On the same tool tab you can "defrag" the hard drive. When files are saved, the computer attempts to save the pieces in the largest open space. Sometimes pieces are saved all over the hard drive. When you use this file the hard drive has to find all the pieces, which can take some time. Disk Defrag will locate and put the pieces together on the hard drive to speed up your computer operation.

You should create a Windows Startup Disk. If your computer or hard drive has a problem and you cannot load the Windows operating system, you can use your startup disk to start your computer. To create this disk, on Windows 95/98:

1. Insert a blank floppy disk into the floppy disk drive.
2. Click Start, point to Settings, and click Control Panel.
3. Double-click Add/Remove Programs.
4. Click the Startup Disk tab, and then click Create Disk. Click OK when prompted

On Windows 2000, Click Start -> Programs -> Accessories -> System Tools -> Backup. Then create an Emergency Boot Disk following the instructions.

On Windows XP:

1. Insert a blank floppy disk into the floppy disk drive.
2. Click Start, and then click My Computer.
3. Right-click the A drive icon, and then click Format.
4. Check "Create an MS-DOS startup disk," and then click Start.
5. Follow any prompts.

You should back up your hard drive often (at least once a week). Windows operating systems come with a Backup routine. Go to Start -> Programs -> Accessories -> System Tools -> Backup and follow the instructions. It is advisable to back up your computer onto CDs, DVDs or an external hard drive. The first and last are very cost effective and may be your best choices.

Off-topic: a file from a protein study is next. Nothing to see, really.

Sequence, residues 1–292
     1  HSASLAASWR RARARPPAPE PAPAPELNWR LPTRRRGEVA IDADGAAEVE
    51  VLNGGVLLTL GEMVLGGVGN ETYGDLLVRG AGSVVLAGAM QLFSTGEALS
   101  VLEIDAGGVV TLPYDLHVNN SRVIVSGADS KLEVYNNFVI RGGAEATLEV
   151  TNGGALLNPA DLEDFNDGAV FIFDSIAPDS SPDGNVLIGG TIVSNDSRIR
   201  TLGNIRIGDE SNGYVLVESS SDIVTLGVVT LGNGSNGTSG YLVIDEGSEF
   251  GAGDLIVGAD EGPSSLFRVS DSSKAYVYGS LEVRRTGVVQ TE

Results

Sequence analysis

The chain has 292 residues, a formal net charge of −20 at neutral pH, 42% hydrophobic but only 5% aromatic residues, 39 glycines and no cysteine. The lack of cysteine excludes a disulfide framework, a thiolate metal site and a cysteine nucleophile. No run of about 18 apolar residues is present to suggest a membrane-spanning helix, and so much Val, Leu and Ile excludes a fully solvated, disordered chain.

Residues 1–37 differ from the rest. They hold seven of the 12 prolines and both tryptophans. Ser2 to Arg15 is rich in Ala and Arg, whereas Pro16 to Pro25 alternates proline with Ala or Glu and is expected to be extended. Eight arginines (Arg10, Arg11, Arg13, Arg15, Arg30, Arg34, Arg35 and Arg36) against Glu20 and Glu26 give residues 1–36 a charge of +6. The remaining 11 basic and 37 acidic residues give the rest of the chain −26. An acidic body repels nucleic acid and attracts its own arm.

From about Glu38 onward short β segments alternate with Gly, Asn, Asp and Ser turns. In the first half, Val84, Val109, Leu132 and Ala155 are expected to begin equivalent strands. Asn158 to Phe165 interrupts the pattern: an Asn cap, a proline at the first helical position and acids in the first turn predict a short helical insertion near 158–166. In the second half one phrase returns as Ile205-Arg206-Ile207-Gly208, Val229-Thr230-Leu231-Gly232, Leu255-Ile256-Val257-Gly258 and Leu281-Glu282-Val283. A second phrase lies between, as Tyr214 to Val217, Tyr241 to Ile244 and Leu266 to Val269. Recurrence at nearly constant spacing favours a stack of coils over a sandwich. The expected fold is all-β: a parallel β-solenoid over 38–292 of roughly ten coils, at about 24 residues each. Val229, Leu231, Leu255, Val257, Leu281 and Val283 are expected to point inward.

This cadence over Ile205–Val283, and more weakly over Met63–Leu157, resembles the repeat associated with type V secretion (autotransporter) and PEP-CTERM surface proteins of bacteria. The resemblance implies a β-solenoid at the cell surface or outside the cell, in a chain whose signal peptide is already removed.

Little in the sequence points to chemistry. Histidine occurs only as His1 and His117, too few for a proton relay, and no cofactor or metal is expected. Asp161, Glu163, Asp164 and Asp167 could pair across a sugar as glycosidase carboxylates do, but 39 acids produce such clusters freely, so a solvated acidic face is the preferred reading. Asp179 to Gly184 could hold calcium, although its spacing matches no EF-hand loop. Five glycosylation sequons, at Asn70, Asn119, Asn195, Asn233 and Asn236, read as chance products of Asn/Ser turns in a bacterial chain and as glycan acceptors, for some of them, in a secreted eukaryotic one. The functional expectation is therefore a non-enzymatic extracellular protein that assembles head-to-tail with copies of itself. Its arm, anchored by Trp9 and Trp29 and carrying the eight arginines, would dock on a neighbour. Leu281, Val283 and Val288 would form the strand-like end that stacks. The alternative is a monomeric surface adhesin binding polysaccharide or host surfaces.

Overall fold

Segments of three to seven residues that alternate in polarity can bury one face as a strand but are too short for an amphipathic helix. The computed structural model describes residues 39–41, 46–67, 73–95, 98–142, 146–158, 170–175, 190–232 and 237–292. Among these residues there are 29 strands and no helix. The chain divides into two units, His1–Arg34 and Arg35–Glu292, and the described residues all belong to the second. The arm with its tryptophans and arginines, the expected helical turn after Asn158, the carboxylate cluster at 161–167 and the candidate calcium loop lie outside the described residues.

Experts recommend that you have at least 20% of your hard drive empty. To determine this, go to the desktop, double click My Computer and highlight the hard drive icon. The information should be displayed in the left panel. You can also highlight the hard drive icon, right click and select Properties from the menu. If you are below 20% you should delete unneeded files. To do so, double click My Computer on the Desktop, double click the hard drive icon and organize the files by size by first clicking the View menu at the top of the screen, then Details. To organize the files in size order, click "size" on the top of that screen. For folders, you will need to open the folder and then order by size. Remove any of the larger files that are no longer useful. You will be amazed at how much space you will regain.

You should also remove all "temp" files on a regular basis as they take up space on your hard drive. Click Start -> Find (or Search) -> Files or Folders -> Named *.tmp -> Pull down the Edit menu -> Select All -> press the delete key on your keyboard and click yes. If any files cannot be deleted, skip them and delete groups of files or one at a time. While you are at it, clean out your recycle bin by going to the desktop, double click the recycle bin icon, click file, and then click Empty Recycle Bin.

Happy Cleaning!

Copyright, 2002, The National Psychologist. Reprinted with permission. The National Psychologist is a privately-owned bimonthly newspaper which may be purchased for $30 a year. Write or call: TNP, 6100 Channingway Blvd., Suite 303, Columbus, OH 43232; telephone: 614.861.1999 or fax with Visa or MC to 614.861.1996.